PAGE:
The tale I’m about to tell is not specifically about the golf industry, but can certainly be applied when you consider what an unexpected, kind gesture can mean to somebody not having the best of days.
In the case of the golf industry, that might mean turning around a day for a member or a client, perhaps an employee.
The term “pay it forward” involves no cash, credit cards or financial transactions, just simply the motivation to return a gesture of kindness when somebody needs it down the road.
That gesture of kindness came my way Monday morning with the passenger side of my car caught in some deep snow on one side of the driveway following a weekend in which three different strong bands of snow came though with ice to cap it off.
To be honest, the leftover snow on one side of the driveway was my fault due to half-baked cleaning I did with a snowblower the previous day.
So, when my tires got caught in that snow on Monday, I figured the work week was starting off the same way it began a week ago. It was actually a week ago Sunday that I first expected the next few days would be rough ones.
A lady in a booth behind me at a restaurant where I’m a regular was coughing throughout my entire breakfast, even did it as she passed by to pay her bill at the front.
It was as if she hadn’t heard all the warnings about this flu season, or just didn’t care, but I suspect it was her who paid the flu forward to me. The next day, the cough, chills and fever, aches and pains and other symptoms were becoming clear as a week ago Monday wore on.
A few friends made jokes about the man flu, but trust me, this was gender neutral nastiness that kept me up nights coughing until the symptoms one by one began to ease up, but not necessarily disappear. Some might have celebrated the fact that I even lost my voice for a couple of days.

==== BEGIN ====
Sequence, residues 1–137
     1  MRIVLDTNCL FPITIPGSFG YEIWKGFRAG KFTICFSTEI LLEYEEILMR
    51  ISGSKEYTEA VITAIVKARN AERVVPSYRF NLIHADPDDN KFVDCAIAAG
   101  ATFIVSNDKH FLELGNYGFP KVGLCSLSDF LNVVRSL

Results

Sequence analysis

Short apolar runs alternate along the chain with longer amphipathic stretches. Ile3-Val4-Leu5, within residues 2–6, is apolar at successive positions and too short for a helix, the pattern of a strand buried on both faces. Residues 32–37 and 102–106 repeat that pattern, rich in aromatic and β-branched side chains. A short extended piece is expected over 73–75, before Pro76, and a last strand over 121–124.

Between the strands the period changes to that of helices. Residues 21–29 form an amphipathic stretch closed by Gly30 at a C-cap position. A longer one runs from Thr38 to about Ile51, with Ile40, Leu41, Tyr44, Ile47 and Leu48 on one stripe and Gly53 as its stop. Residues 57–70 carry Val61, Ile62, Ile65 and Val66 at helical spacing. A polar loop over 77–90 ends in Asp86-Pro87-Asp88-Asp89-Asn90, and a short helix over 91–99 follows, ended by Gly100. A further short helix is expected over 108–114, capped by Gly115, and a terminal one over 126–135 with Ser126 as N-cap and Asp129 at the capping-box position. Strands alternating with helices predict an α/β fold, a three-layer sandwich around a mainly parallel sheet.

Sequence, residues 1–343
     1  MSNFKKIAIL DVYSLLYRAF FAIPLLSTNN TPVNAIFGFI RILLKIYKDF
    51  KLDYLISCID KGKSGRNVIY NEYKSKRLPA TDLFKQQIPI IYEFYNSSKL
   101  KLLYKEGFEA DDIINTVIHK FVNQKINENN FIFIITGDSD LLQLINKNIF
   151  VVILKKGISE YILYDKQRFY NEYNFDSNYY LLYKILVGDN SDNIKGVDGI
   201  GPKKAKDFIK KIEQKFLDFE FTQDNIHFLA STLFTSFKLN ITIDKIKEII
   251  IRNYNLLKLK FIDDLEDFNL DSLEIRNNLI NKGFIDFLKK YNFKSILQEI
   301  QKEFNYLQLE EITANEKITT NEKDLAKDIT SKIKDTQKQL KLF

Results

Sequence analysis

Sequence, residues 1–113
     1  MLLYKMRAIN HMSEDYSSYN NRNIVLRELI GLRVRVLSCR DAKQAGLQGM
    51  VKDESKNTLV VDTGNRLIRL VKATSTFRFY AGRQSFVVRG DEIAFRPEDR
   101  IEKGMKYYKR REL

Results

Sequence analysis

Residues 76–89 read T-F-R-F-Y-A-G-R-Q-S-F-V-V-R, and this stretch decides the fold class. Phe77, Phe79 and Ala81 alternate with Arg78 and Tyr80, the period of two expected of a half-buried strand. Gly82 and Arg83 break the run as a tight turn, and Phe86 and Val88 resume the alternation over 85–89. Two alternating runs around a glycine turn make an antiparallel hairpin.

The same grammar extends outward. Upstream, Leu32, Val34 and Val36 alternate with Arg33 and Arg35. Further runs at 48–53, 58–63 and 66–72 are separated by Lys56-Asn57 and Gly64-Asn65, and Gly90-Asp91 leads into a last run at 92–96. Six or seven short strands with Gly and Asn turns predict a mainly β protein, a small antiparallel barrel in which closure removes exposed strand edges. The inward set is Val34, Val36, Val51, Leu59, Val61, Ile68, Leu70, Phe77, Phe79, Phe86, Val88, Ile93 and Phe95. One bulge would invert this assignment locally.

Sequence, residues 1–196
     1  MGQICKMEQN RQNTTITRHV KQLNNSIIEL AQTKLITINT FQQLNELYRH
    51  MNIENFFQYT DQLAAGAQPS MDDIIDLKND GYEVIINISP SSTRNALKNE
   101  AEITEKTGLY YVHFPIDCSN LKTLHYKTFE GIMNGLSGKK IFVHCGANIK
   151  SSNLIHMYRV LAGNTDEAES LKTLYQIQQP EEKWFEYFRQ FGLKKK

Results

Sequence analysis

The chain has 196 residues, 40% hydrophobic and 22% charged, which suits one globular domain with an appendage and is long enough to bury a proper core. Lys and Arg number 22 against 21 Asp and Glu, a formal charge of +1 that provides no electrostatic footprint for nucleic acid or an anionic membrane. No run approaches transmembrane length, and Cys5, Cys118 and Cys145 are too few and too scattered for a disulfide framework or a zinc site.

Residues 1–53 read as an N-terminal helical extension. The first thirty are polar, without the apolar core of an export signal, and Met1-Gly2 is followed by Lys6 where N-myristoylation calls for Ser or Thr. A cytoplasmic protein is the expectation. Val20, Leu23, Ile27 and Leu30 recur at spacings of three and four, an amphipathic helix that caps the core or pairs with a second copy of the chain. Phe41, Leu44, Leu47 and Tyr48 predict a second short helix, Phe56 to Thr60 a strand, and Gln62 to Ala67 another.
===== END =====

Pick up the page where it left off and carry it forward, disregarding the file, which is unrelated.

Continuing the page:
However, by the time last weekend rolled around, I had turned a corner. Still, I didn’t need to see the weather report that I mentioned earlier. Still trying to shake off the remnants of the nasty bug, I had a clean-up job with the snowblower both Saturday and Sunday.
The nice thing is that with the snowblower, those sessions usually only last about 25 minutes start to finish, but lately, mine has had snow clumping up in it rather than throwing it, so doesn’t do as nice a job and you have to keep bouncing the machine to keep it blowing the snow.
On Sunday, the plan was to get more of the driveway done, then go rest and get the remainder done on Monday. I thought I’d gotten enough done on Sunday to get the car down the driveway the next day, but it wasn’t the case and that’s how my passenger side got stuck.
After much digging and getting salt underneath both tires and burning of rubber, the car was finally extracted, when I noticed my neighbour on the sidewalk. “Bit of trouble?” he said with a smile.
“It was,” I replied, explains the trials and tribulations of the last week. We had a little chat and he asked if he could help with anything, but as I left for a quick meeting, I could tell I didn’t have a choice.
When I returned, the driveway was completely done, wide and welcoming with no concern for getting stuck in the snow or making the leftover remnants of the flu feel even worse.
Those remnants are still there as I write this. I still get the odd coughing spell and it’s tough to sleep at night because of it, yet I’m far from miserable due to one simple gesture.
When the folks up the street were thanked for that gesture, they simply shrugged it off as “a neighbours thing.”
I hope it’s a people thing because if that’s the case, people will never be replaced by automation or technology in the effort to make clients happy through kindness and reaction over programming.